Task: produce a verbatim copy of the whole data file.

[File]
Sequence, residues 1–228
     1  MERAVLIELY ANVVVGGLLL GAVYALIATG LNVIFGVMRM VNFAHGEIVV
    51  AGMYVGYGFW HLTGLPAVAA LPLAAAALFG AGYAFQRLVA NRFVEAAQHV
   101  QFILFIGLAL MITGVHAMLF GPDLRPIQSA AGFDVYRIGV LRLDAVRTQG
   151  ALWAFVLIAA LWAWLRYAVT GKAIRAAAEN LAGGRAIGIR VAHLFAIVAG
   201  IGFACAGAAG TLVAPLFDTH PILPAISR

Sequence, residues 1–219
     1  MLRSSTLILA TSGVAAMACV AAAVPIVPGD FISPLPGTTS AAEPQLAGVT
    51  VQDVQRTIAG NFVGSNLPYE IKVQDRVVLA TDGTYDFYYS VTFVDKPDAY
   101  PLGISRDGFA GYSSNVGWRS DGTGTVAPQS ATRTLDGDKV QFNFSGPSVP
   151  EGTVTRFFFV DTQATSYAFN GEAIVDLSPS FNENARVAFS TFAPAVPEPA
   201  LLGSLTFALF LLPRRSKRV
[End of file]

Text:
Sequence, residues 1–228
     1  MERAVLIELY ANVVVGGLLL GAVYALIATG LNVIFGVMRM VNFAHGEIVV
    51  AGMYVGYGFW HLTGLPAVAA LPLAAAALFG AGYAFQRLVA NRFVEAAQHV
   101  QFILFIGLAL MITGVHAMLF GPDLRPIQSA AGFDVYRIGV LRLDAVRTQG
   151  ALWAFVLIAA LWAWLRYAVT GKAIRAAAEN LAGGRAIGIR VAHLFAIVAG
   201  IGFACAGAAG TLVAPLFDTH PILPAISR

Sequence, residues 1–219
     1  MLRSSTLILA TSGVAAMACV AAAVPIVPGD FISPLPGTTS AAEPQLAGVT
    51  VQDVQRTIAG NFVGSNLPYE IKVQDRVVLA TDGTYDFYYS VTFVDKPDAY
   101  PLGISRDGFA GYSSNVGWRS DGTGTVAPQS ATRTLDGDKV QFNFSGPSVP
   151  EGTVTRFFFV DTQATSYAFN GEAIVDLSPS FNENARVAFS TFAPAVPEPA
   201  LLGSLTFALF LLPRRSKRV